Thus, non-members who were watching the events unfold tried to find significance in everything that transpired, from the absence or presence of certain politicians and personalities, to the “meeting” at the Manila Hotel among Supreme Court Administrator Midas Marquez, and Gatdula; his lawyer Abraham Espejo, the dean of the Church-owned New Era University College of Law; former Justice Secretary Artemio Tuquero, now lawyering for former President Gloria Arroyo; and this writer, who represents her husband Jose Miguel Arroyo.
They even tried to find hidden meanings in the homily given by Church elders during the actual Pamamahayag. These dealt with how some people try to please God by treading what they think is the right path, but end up offending Him instead by persecuting others and refusing to forgive when they themselves are sinners, and that there is but one Supreme Leader who is Christ Himself.
But in the final act, there was nothing in the latest GEM that was political. And so it has always been, and shall always be.
The Church has always adhered to a policy of non-interference with the political affairs of the country, in accordance with our doctrine that secular authorities are ordained by God (Romans 13:1).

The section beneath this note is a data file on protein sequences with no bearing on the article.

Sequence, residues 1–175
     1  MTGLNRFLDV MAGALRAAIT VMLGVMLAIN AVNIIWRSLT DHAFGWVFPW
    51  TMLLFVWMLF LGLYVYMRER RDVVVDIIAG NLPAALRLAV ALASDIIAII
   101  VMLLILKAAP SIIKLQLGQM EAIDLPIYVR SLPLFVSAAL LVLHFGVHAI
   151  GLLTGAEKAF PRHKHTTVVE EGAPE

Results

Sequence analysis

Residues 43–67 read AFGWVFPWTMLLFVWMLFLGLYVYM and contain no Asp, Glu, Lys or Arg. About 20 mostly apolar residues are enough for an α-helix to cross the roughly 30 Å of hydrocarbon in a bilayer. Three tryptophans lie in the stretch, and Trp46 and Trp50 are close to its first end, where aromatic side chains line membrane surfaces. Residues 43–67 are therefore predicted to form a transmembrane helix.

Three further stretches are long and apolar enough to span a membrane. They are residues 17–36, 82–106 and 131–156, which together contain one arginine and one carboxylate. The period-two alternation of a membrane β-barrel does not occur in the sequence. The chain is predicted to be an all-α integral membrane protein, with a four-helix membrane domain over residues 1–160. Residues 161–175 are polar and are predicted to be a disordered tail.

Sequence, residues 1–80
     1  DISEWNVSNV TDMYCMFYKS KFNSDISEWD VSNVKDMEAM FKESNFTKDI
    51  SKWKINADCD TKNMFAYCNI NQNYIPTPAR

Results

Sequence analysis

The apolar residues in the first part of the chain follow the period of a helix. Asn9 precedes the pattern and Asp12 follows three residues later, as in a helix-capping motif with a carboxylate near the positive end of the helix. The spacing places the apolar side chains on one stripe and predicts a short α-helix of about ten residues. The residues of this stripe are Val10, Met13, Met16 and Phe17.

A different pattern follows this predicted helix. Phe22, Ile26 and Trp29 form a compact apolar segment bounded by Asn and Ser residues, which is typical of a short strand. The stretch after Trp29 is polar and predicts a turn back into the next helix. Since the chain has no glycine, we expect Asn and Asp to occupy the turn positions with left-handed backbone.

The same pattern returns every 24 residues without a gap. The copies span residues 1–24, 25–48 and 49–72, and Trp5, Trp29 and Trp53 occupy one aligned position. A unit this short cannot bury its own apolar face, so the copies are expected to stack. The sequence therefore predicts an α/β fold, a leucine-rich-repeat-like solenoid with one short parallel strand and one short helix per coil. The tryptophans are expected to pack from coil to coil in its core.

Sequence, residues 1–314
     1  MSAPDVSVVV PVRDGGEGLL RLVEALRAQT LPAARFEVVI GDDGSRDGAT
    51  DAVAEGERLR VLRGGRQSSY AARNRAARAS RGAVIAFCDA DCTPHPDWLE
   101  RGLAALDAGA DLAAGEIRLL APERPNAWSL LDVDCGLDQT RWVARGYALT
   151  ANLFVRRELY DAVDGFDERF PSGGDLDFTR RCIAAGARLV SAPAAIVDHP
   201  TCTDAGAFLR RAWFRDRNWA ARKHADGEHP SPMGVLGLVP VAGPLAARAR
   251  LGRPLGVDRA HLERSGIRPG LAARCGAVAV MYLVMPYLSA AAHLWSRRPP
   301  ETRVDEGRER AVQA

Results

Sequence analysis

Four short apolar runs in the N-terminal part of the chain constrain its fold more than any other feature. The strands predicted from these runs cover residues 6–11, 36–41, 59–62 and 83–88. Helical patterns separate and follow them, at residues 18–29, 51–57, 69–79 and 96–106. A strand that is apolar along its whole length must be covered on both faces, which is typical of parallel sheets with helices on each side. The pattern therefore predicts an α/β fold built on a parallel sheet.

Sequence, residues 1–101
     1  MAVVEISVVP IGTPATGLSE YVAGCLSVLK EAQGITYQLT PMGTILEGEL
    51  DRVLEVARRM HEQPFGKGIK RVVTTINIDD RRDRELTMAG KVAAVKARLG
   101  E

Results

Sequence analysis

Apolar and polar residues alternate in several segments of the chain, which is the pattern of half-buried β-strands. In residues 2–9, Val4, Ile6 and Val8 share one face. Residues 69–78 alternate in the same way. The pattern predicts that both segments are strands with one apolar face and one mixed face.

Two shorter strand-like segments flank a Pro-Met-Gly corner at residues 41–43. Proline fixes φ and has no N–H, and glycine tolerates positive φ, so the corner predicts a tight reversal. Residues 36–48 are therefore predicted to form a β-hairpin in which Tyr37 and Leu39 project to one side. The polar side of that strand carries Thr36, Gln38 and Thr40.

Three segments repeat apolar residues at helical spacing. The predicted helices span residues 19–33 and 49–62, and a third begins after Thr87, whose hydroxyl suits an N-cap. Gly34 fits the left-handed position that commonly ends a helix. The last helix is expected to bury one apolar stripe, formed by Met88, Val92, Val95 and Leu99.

Those who scoff at this by saying that our voting as a bloc constitutes blatant politicking must understand that this principle is doctrinal as well. We believe that since we are One Body with Christ as our Head, there should be no divisions in that body (1 Corinthians 12:12-25).
In fact, by submitting to the Church administration’s authority to decide which candidates to support, coupled with the strict proscription against members running for any elective public office, we obviate the need for politicking in our ranks.
Last Tuesday's GEM is but part of an overall effort to ratchet up conversions to the Church leading up to our Centenary on July 27, 2014, with the Church administration encouraging every member to produce at least one new member, thereby doubling its membership (John 15:8).
It should not be interpreted in any other way.
Of course, if others perceive it differently, perhaps it could not be helped. Such may be the mystique of the Church that those outside it see it however they want to.
After all, as the Bible says: "Therefore I speak to them in parables; because they seeing see not; and hearing hear not, neither do they understand (Matthew 13:13, KJV)." - Rappler.com